Legend has it Arapahoe was first known as “Cross Roads,” with several versions of how it became Arapahoe. One is it was named for Indians in the area, who traveled a sand ridge trail south to the river that later became the footprint for N.C. 306. Another story is the town was named for a racehorse owned by a prominent citizen. Either way, the town was settled early in the 18th Century. A post office was established in 1886 and the town was incorporated in 1920. 

Because N.C. 306 and the old Indian trail follow the sand ridge left by Silurian Period oceans, Arapahoe and Grantsboro are among the highest points in the 350 square miles of Pamlico County, at 39 feet above sea level.

Bayboro

At the heart of Pamlico County is the county seat of Bayboro, one of nine municipalities spread throughout a 350-square-mile county of farmlands, forests, creeks and wide rivers. Bordered by Bay River and the town of Alliance, this 1.5 square mile town is is surrounded by woods, farm fields and swampland. The town businesses include restaurants, a seasonally active hotel catering to hunters, some convenience stores, newspaper office, farm  and marine supply stores, banks and a bookstore. 

Charlie’s Restaurant, located across from the high school, has been a meet, greet and eat center for years in Bayboro. Breakfast at Charlie's is ritual for many retirees and the business provides a community meeting room with or without meals for families and for groups and organizations. Another common stop is Forest Farm Supply, key to an agriculturally oriented region. Because of limitations to expansion, town land is precious, and most of the prime real estate is already taken up by non-taxable government entities.

The majority of Pamlico County’s local government is anchored by Courthouse Square at the intersection of N.C. highways 55 and 304. That complex includes the Administration Office, courthouse, Health Department, Water Department, Building Inspector, Tax Office, Parks and Recreation and a relatively new $8 million Law Enforcement Center. The local Bay River Metropolitan Sewer District is also headquartered in Bayboro.

Three of the four schools in the county system — high school, elementary and primary schools — are located within the town. Pamlico Community College operates a satellite cosmetology center, small business center and Job Link office adjacent to the high school. The County Library, with a public entrance and parking off N.C. Hwy. 55, is also part of the school complex.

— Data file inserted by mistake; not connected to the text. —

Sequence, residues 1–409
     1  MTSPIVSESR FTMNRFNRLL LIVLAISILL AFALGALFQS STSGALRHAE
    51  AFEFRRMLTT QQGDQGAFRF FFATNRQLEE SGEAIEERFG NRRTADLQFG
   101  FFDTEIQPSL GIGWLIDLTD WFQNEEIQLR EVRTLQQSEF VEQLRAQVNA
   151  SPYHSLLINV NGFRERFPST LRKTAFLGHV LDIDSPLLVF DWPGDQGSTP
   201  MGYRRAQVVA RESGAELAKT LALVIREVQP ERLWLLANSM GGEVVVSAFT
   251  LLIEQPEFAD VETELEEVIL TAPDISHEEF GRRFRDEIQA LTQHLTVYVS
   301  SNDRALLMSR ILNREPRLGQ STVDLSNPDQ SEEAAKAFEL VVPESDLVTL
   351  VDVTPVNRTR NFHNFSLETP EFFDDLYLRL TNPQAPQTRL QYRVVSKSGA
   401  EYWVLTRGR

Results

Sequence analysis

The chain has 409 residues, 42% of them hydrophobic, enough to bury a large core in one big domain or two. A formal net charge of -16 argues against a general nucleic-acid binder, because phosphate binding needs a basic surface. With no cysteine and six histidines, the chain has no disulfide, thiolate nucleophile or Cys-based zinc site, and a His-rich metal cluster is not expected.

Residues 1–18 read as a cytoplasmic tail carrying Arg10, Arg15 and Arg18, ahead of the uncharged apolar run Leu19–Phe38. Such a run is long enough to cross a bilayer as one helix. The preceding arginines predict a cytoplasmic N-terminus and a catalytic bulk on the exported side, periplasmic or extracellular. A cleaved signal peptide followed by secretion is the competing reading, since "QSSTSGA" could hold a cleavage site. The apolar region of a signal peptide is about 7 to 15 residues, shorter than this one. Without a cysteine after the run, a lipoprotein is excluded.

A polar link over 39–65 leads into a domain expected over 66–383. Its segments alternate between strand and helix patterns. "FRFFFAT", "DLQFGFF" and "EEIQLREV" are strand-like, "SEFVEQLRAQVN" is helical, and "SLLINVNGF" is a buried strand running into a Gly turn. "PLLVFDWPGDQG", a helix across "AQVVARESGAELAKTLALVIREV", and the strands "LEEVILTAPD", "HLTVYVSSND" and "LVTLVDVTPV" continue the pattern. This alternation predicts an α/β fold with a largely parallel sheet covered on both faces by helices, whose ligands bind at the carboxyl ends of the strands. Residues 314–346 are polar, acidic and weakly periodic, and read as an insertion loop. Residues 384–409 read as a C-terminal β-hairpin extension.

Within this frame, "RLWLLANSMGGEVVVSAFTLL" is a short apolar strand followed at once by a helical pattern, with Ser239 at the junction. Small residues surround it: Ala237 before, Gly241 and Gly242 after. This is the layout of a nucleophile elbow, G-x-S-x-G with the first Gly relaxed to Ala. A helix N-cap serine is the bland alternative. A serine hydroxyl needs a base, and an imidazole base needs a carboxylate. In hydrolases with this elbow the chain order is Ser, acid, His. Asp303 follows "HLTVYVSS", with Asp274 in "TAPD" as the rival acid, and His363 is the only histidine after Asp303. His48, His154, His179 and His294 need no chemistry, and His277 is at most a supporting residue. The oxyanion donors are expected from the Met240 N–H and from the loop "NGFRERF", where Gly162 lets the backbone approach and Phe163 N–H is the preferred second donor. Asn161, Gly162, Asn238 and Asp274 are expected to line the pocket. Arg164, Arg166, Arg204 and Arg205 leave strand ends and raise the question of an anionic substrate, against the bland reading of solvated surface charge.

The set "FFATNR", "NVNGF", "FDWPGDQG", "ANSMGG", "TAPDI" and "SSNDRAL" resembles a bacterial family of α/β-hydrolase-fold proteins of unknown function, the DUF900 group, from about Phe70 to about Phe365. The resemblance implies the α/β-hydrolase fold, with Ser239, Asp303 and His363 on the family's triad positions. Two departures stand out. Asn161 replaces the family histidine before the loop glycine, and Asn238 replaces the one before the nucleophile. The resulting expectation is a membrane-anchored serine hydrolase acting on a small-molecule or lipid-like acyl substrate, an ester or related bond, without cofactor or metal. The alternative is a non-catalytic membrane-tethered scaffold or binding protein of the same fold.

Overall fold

Business and town leaders believe the town has potential to attract more than drive-through traffic to waterfront destinations such as Oriental. The town has a revitalization plan to complement the widened N.C. 55, along with hopes to enhance a town-owned park on the Bay River to attract water enthusiasts for canoe and kayak activities. 

The town of more than 700 residents, named for the Bay River, was settled in the 1800s, and incorporated in 1881.

Grantsboro

Located at the intersection of Pamlico County’s two main highways, N.C. 55 and N.C. 306, no town in Pamlico County is expected to reap more commercial growth than Grantsboro. In light of its room to expand, accessibility and increased highway traffic, Gransboro is also a convenient hub of activity between two of Eastern North Carolina's leaders in tourism as it is located15 miles from Oriental to the east and from New Bern to the west.

It was incorporated in 1998, mainly as a response to rumored annexation plans by the adjacent town of Alliance. The town has had but one mayor in its 22-year history, Clifton Stowe, who presides over a five-person town board for the population of nearly 800 people. Perched on a sand ridge, Grantsboro shares with Arapahoe claim to being the highest point in the county. Being 39 feet above sea level is a distinct advantage both for staying dry during hurricane and Nor'wester and for insurance purposes.

According to the Pamlico County Historical Association, Grantsboro was named for William Grant, a New York bachelor who came as an itinerant peddler to the area. He built two store buildings, bringing his clientele to him, and the community of Grantsboro was on its way to commercial development. 

Already home to two of the four full-service supermarkets in the county, Food Lion and Piggly Wiggly, Grantsboro has four fast-food restaurants, a convenience store, and a variety of discount and food shops located within the shopping center anchored by the Food Lion. 

A growing government and cultural complex greets visitors entering the county from the New Bern area. It includes the town post office, Grantsboro’s new town hall and the Pamlico County Heritage and Visitors Center. The museum project has been the successful work of the Pamlico County Historical Association, which has raised more than $800,000 through donations, grants and fund-raisers to build the 6,000-square foot museum showcasing the county’s history of forestry, farming and fishing. In addition to the main structure, plans call for development of a Heritage Village, complete with a 1900s farmhouse and school house, a blacksmith shop and a grain mill along with a fish house and a fishing trawler.